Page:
Writing is an incomplete activity. For the most part, using language has a communicative purpose, and writing doesn’t fully become an act of communication until someone reads it. Of course you can write purely to ‘express yourself,’ but most people wouldn’t see much point in being the sole reader of what you’ve written unless it’s just a shopping list or similarly ephemeral memo to yourself. When a well-considered piece of writing (poem, story, or whatever) circulates publicly, it becomes a medium through which readers can ‘meet’ its author.
That’s one kind of interpersonal encounter, though it’s an indirect one: at most, words on the page simply allow a reader to imagine the individual who produced the words. And because we’re curious creatures, we frequently want more than a mediated encounter-at-a-distance. We’d like to communicate in person, hear the author speak, ask the author questions, exchange remarks face to face.
Direct contact with readers may be an uncomfortable experience for some authors – not surprisingly: in some cases the impulse to write is associated with shyness about oral communication, while in other cases an author takes the principled view that a written work should speak for itself.
At any rate, many readers do want to hear an author talk about his or her books, so only a few rare literary birds (Thomas Pynchon, J.D. Salinger…) can afford to be reclusive. Appearances at literary festivals, promotional talks and readings – these are routine obligations for most writers, who are well aware that their readers (prospective or already engaged) generally expect to have access to conversations with them.
A friend of mine, Brenton Doecke, has recently drawn my attention to an essay by German critic Walter Benjamin, ‘The Storyteller,’ which meditates on historical changes in the way that narratives circulate. Traditionally, Benjamin remarks, someone would share a story with listeners (families, friends, workmates) who in turn often reframed it in terms of their own experience and passed it on to others. This communal chain of storytelling was gradually replaced, he says, by literary narration, tending to create a ‘dependence on the book’ – a dependence that separates author from readers, and readers from one another. It occurs to me that the desire of many readers to meet authors and fellow readers face to face, and discuss books together, may be partly motivated by a wish to restore a social dimension to the telling and interpretation of stories.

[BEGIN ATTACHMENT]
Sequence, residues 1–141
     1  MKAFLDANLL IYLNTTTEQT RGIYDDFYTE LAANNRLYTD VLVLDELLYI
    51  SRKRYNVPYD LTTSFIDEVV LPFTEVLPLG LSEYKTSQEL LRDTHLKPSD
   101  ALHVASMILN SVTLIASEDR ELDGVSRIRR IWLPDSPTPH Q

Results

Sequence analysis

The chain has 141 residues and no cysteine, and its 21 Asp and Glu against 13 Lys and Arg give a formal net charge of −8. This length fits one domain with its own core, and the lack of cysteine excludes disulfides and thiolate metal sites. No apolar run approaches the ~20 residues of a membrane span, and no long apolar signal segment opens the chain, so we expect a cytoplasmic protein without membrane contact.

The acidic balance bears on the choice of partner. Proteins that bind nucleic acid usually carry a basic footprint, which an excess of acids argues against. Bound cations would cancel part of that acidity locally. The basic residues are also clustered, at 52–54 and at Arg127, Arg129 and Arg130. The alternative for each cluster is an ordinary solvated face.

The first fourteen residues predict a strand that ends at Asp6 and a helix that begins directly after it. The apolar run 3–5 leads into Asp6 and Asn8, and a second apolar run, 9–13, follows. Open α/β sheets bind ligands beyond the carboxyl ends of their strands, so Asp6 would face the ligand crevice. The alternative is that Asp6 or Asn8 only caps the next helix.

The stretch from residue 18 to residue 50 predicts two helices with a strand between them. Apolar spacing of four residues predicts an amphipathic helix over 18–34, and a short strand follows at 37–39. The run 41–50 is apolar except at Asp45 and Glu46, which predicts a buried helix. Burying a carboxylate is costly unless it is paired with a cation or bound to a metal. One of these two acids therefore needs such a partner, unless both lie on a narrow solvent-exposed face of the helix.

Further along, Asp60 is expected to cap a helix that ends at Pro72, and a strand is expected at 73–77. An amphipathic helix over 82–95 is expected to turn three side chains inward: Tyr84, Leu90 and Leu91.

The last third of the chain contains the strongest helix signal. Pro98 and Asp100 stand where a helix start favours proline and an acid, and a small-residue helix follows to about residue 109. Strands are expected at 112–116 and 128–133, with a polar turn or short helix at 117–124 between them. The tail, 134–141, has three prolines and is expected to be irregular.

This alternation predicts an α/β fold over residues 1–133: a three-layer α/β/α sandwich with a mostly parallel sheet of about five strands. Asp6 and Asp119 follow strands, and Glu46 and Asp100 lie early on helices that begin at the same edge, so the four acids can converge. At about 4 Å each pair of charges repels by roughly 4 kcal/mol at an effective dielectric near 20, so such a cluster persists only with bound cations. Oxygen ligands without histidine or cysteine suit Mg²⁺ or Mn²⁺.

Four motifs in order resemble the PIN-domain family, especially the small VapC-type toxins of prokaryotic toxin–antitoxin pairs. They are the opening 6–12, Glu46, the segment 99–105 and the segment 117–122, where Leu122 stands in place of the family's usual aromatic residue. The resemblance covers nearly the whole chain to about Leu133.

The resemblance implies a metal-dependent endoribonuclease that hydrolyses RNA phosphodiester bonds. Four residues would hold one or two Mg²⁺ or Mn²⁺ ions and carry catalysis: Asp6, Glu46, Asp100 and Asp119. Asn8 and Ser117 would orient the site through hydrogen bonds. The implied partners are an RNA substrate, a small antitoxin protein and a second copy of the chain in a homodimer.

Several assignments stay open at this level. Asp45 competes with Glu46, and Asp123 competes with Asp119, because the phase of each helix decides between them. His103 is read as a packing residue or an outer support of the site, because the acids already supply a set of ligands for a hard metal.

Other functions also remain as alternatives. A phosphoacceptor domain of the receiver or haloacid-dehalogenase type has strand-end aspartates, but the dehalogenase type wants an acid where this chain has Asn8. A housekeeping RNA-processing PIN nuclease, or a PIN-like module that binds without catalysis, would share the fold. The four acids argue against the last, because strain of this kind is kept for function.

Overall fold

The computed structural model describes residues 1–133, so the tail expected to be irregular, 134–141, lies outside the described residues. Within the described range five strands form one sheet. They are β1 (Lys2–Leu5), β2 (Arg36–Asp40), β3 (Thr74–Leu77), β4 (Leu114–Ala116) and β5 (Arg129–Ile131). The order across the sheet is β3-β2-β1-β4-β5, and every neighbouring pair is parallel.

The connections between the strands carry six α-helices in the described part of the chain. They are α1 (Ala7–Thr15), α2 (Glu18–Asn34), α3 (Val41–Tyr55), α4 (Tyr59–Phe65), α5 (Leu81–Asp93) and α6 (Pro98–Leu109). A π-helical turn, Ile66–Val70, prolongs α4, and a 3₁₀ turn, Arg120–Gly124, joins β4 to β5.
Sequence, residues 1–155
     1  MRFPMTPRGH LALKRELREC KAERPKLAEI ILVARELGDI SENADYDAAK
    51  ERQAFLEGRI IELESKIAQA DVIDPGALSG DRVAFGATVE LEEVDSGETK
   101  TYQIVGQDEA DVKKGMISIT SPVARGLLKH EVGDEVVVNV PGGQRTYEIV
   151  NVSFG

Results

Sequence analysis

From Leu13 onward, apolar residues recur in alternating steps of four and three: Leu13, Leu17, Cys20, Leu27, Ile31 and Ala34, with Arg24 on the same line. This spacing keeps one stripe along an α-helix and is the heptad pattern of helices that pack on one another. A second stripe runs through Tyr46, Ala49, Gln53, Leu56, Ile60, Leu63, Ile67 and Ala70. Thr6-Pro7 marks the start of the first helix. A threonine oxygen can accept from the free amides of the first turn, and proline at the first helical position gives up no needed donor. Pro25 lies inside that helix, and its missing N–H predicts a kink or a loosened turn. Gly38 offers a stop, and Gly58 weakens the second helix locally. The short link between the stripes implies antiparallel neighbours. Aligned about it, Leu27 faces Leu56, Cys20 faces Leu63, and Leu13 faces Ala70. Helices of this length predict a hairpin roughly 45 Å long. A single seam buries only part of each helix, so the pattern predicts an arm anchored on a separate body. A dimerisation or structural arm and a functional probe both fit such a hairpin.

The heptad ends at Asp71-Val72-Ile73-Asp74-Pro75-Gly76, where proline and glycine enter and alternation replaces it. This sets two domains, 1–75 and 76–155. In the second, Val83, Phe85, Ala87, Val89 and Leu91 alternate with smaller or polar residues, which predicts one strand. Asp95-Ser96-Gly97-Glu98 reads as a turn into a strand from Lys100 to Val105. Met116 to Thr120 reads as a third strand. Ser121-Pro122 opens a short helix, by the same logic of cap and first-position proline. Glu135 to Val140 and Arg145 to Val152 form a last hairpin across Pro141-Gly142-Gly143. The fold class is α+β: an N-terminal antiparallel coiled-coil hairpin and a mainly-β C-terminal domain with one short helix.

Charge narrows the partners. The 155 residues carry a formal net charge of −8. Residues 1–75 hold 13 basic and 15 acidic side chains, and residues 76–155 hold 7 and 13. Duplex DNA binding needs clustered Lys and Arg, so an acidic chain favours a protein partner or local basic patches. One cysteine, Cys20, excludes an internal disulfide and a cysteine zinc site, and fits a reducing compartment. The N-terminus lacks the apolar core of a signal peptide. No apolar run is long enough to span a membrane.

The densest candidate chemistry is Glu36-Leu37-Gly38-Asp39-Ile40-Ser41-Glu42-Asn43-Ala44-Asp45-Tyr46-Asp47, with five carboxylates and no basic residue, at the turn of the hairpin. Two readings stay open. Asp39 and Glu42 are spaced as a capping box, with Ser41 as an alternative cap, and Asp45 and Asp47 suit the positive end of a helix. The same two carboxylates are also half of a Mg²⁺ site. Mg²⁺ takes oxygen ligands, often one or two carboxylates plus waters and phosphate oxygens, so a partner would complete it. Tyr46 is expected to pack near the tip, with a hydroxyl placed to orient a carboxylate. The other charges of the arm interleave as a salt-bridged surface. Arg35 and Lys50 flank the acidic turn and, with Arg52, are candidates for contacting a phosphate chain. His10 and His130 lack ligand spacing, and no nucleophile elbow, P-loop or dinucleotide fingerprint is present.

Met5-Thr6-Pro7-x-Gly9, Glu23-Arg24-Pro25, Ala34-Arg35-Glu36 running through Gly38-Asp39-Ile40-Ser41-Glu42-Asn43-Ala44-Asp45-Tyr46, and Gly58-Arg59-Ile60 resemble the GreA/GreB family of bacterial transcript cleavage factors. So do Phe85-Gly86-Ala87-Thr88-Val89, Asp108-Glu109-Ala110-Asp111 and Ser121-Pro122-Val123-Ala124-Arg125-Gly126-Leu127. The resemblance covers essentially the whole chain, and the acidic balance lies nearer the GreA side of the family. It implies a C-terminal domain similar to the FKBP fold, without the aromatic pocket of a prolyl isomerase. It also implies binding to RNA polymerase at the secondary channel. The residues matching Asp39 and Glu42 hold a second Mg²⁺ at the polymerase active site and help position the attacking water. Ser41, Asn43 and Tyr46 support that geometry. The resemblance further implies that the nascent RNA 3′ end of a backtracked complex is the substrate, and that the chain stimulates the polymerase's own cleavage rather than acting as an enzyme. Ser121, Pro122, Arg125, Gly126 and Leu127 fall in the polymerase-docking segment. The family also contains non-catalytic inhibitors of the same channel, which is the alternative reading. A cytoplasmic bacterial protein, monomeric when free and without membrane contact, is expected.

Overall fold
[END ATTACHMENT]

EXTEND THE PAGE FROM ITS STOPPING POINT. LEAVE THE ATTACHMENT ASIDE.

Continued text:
At any rate, I enjoy meeting readers in person and talking about my books. I hope this isn’t just a form of self-parading vanity. I’d like to think that, whatever value it may have for the people who come along to these sessions, it has a beneficial effect on my writing by keeping me in touch with the interests and tastes of my readership.
During the year since publication of The Mind’s Own Place, I’ve met and talked with groups of actual or potential readers of my work on more than 30 occasions. These encounters include sessions at literary festivals, recorded media interviews, formal presentations to many different gatherings (various literary and historical societies, library groups, English teacher associations and other professional bodies…), plus less formal discussions at book clubs, writing workshops with school classes, and so on.
Coming up in the weeks ahead are several more meetings of different kinds: a Literary High Tea on a university campus, a talk hosted by the Fellowship of Australian Writers, a regional literary festival, a public conversation as part of the next Perth Heritage celebration… You can find the details here, and I’d be delighted to see any of my readers at any of these forthcoming events.
So although writing is done in solitude, a writer’s life can be intensively social. For me it’s a pleasure to encounter some of my readers in person. But virtual encounters are also important: I welcome the occasional exchanges that take place on this website, especially as some of the comments that come in are from people I’ve never met face to face.